Jolted by the success of his sisters, Kevin McMenamy decided 25 years ago that maybe it was time for him to stop fishing and start doing something more substantial than working on his tan.
So he shook out the coins from a pickle jar — all $103 worth — and went in search of a spot to open a fish store. Aquatropics, at the corner of Douglas Drive and 36th Avenue N. in Crystal, was born.
Now, after a quarter-century in business and 39 years in all working with fish, McMenamy has decided it’s time to do something else. He’s retiring to pursue new interests and passions, and Aquatropics is clearing out the rest of its inventory.
After selling millions of fish to thousands of customers and training 120 employees over the years, the store likely will close at the end of August.
McMenamy admits to some melancholy. But he also admits that it’s hard to sell fish food — or tanks, or equipment — with the same energy that he had in the early 1990s.
“It’s not boring. But it’s hard to show the enthusiasm and be real when you’ve been doing this for so many years,” said McMenamy, 52, who nonetheless oozes energy and enthusiasm with each word and uses a vice-grip handshake with visitors. “I don’t want to be fake to people.”
He never was that, customers say. Over the years, McMenamy became the go-to guy for all things fish and Aquatropics was the place to go with questions about fish and equipment.
Jay Kalk, a local musician, remembers stopping by the shop when he moved to Minnesota from Hawaii several years ago, at first fishing for a job and then buying fish himself.
“I never found anybody as charismatic as Kevin,” Kalk said. “I wanted to talk to a person who was not just going to throw cold facts at me. And he turned out to be a super personable guy who is very, very knowledgeable.”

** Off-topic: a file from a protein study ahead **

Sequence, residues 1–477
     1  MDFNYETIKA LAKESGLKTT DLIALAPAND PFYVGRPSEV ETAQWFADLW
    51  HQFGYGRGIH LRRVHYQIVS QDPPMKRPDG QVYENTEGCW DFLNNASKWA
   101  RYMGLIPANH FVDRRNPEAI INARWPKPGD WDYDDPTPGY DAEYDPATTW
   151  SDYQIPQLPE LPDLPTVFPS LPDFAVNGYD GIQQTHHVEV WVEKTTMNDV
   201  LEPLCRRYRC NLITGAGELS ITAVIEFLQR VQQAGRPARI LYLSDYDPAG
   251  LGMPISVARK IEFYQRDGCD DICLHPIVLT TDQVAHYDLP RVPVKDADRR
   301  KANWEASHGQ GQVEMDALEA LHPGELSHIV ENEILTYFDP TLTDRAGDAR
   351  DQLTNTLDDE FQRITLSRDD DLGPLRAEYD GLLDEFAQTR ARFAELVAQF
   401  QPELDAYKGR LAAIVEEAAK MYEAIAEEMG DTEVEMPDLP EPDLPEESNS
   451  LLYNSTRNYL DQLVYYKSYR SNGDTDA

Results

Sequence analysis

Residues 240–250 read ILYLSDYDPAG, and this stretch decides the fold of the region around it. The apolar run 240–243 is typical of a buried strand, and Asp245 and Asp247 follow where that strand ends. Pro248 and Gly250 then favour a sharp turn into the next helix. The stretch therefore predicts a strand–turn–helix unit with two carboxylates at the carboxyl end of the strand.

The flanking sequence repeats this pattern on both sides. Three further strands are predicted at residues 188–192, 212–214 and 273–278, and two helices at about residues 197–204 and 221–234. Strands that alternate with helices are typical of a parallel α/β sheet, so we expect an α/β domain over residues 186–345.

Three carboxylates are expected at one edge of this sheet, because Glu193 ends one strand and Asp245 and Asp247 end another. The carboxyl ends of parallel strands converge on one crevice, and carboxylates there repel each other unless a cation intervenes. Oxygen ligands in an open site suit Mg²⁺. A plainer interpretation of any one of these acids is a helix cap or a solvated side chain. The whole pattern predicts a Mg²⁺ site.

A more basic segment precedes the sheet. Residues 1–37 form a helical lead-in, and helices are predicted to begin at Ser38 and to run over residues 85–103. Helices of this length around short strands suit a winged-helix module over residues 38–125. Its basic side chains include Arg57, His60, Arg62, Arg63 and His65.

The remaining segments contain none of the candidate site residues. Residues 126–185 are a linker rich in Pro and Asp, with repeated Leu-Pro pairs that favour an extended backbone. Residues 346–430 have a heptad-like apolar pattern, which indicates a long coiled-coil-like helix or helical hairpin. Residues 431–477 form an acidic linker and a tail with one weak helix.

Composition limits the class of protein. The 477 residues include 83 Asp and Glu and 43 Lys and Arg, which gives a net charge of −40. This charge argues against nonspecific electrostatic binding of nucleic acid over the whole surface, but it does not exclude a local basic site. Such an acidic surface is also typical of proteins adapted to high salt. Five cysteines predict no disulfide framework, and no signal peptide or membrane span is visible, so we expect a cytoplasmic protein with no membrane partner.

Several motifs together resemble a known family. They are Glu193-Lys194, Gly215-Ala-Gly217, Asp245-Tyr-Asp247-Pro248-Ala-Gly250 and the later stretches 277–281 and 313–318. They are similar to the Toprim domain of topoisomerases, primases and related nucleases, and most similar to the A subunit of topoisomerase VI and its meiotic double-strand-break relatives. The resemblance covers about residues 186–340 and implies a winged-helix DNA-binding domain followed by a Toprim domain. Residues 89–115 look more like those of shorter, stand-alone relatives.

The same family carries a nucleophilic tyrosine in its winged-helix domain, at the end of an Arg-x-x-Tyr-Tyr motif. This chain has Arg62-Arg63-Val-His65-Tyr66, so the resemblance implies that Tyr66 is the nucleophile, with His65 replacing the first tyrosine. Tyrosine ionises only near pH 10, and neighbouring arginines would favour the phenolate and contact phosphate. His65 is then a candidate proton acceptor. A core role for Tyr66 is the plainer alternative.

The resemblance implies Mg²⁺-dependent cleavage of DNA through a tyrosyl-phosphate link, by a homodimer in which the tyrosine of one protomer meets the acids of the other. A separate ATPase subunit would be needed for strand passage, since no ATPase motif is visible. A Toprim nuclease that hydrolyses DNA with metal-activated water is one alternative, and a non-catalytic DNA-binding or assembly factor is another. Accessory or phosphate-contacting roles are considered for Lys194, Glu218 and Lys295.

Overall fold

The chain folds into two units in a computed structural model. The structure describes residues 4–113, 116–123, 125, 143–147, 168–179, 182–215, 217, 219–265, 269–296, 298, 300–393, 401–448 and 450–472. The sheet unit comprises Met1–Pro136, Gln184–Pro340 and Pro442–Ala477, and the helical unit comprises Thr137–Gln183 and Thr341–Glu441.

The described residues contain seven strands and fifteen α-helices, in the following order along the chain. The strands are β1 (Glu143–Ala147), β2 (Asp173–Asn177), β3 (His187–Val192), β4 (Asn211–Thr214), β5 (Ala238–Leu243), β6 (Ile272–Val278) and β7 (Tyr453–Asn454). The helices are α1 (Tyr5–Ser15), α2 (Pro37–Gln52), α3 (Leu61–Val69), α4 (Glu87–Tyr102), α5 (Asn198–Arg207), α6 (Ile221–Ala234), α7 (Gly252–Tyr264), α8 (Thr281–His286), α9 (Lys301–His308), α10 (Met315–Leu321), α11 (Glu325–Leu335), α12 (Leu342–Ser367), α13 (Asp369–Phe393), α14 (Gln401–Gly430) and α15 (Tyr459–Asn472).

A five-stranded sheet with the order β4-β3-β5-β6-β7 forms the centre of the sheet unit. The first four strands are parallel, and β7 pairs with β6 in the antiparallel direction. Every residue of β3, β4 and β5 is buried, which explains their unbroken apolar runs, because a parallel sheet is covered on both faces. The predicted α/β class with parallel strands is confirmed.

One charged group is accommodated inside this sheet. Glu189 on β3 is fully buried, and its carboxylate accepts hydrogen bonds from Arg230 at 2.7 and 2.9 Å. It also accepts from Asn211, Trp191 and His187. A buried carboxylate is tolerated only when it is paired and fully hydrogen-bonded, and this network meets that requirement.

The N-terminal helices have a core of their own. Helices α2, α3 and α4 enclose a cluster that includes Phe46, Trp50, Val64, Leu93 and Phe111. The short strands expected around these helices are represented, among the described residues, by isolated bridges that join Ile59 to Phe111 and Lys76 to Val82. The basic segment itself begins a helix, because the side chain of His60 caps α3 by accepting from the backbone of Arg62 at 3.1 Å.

McMenamy was no neophyte when he started. As a teenager, he started his fish career working at Aqualand in south Minneapolis.
Fourteen years later — after watching one sister publish a book, another receive a national award for selling the most pagers, and two more enter college — he decided that maybe he should pick up the pace of his life a bit.
He transformed that pickle jar into handshake contracts and enough credit to build the region’s largest supplier of freshwater fish, with species imported from 23 different countries. Along the way, he and his wife, Lisa, raised two kids — Daniel, 18, and Kayla, 19 — and traveled the world for work and pleasure.
It has been a joy, he said, to serve customers who first came into the shop decades ago with parents and grandparents. And he said it’s cool to be recognized by customers while in the Caribbean, Alaska, Hawaii and at the headwaters of the Mississippi River in Itasca State Park.
He admits to having a few guilt trips laid on him by customers who don’t want him to go.
“I love what I do, honest to God,” he said. “This is total entertainment when I’m in here. But after 40 years, I end up going on autopilot a lot. And that’s not fair to my customers.”
Next, he said, he hopes to finish fixing up his lake place and chase a few new business opportunities.
Kalk, who just bought new equipment from Aquatropics, said he understands.
“As a business owner, I get it. He’s ready to move on,” he said. “But he became a fixture in that neighborhood and he’s leaving a bit of a hole. Still, I wish him the best.”